Most phishing messages are expertly written to push your panic buttons. They may describe an "urgent" crisis in which your account or your finances are risk if you don't do what they tell you to quickly. This fake urgency is designed to stir up your fight-or-flight response, making you more likely to react and less likely to take your time and think through the situation calmly.

3. Go Straight to the Source

If you get a message that claims to be from your bank or another service provider you do business with, do some legwork to find out if it's real—or not. But don't respond to the message or use any contact information it offers. Instead, contact the company by going directly to their website and talking with customer service by chat, phone. or email. Outline the details of the message you received and ask if there is any issue that requires your action.

4. Report the Problem

If you get a phishing message, report it right away. Reporting phishing can help the company notify law enforcement quickly to increase the chances of catching the crooks and stopping them from scamming others. To report phishing, take these steps:

  • Report phishing to the company. If you got a phishing message claiming to be from a bank or other company, search the company name and the phrase "phishing email" to find out if they have a dedicated email address to which you can forward a phishing message.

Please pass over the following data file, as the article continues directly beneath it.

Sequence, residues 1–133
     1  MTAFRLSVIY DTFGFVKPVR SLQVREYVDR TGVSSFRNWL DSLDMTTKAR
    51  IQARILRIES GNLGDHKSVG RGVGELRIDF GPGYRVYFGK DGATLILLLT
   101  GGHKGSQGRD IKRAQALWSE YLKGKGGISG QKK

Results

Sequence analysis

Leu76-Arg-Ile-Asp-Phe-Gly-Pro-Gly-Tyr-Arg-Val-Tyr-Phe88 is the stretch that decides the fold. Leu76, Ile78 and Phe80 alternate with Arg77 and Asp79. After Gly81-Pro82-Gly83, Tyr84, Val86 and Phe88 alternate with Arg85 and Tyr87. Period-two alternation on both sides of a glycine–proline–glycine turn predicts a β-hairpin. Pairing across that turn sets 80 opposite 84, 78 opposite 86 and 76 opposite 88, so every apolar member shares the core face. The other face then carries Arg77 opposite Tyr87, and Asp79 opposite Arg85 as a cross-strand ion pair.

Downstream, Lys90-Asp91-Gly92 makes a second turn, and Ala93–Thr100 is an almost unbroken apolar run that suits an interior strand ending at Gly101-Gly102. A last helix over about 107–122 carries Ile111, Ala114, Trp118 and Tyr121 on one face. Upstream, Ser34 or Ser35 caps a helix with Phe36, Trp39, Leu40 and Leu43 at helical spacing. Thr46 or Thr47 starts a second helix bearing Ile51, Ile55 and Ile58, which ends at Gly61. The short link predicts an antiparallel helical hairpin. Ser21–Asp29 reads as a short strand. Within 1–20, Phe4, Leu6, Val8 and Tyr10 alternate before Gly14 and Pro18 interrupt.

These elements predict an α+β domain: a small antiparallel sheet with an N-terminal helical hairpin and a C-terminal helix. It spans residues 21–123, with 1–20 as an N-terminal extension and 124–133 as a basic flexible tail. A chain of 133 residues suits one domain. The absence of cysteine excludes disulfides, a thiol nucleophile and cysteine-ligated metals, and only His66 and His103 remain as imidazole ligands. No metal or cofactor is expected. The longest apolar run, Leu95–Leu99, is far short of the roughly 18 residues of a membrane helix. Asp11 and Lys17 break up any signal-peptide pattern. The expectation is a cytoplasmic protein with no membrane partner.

• Report phishing to federal authorities. You also can report phishing or any other scam on the Federal Trade Commission (FTC) fraud report page and at the Federal Bureau of Investigation (FBI) Internet Crime Complaint Center file-a-complaint page.

If you accidentally responded to a phishing message, visit IdentityTheft.gov and follow the recommended steps to protect your identity.

5. Be Ready for the Next Tactic

Make sure you're using the best tools and practices to protect yourself from phishing and other scams in the future. For example, installing security software on your devices and keeping your apps and software up to date can protect you from pop-up phishing, which is phishing that happens in pop-up ads or messages.

This can also shield you from pharming scams, which are similar to phishing scams. In pharming, a cybercriminal installs malicious code on your device, sending you to a cloned or fake website.

Think of it like this: Keeping your devices secure is like locking your front door to keep criminals out. So take the time to learn about the latest phishing techniques and how to avoid them in order to protect yourself, your money, and your identity—and help put scammers out of business.


To ensure your security, we highly recommend clients to please reach out  to a City National Bank of Florida specialist if you receive any messages from our institution that appear suspicious.

Please don't hesitate to contact us for further assistance and clarification.

Please note: The content in this article comes from individual opinions and experiences. The content should not be taken as advice coming from City National Bank of Florida. City National Bank of Florida does not offer tax, legal or accounting advice.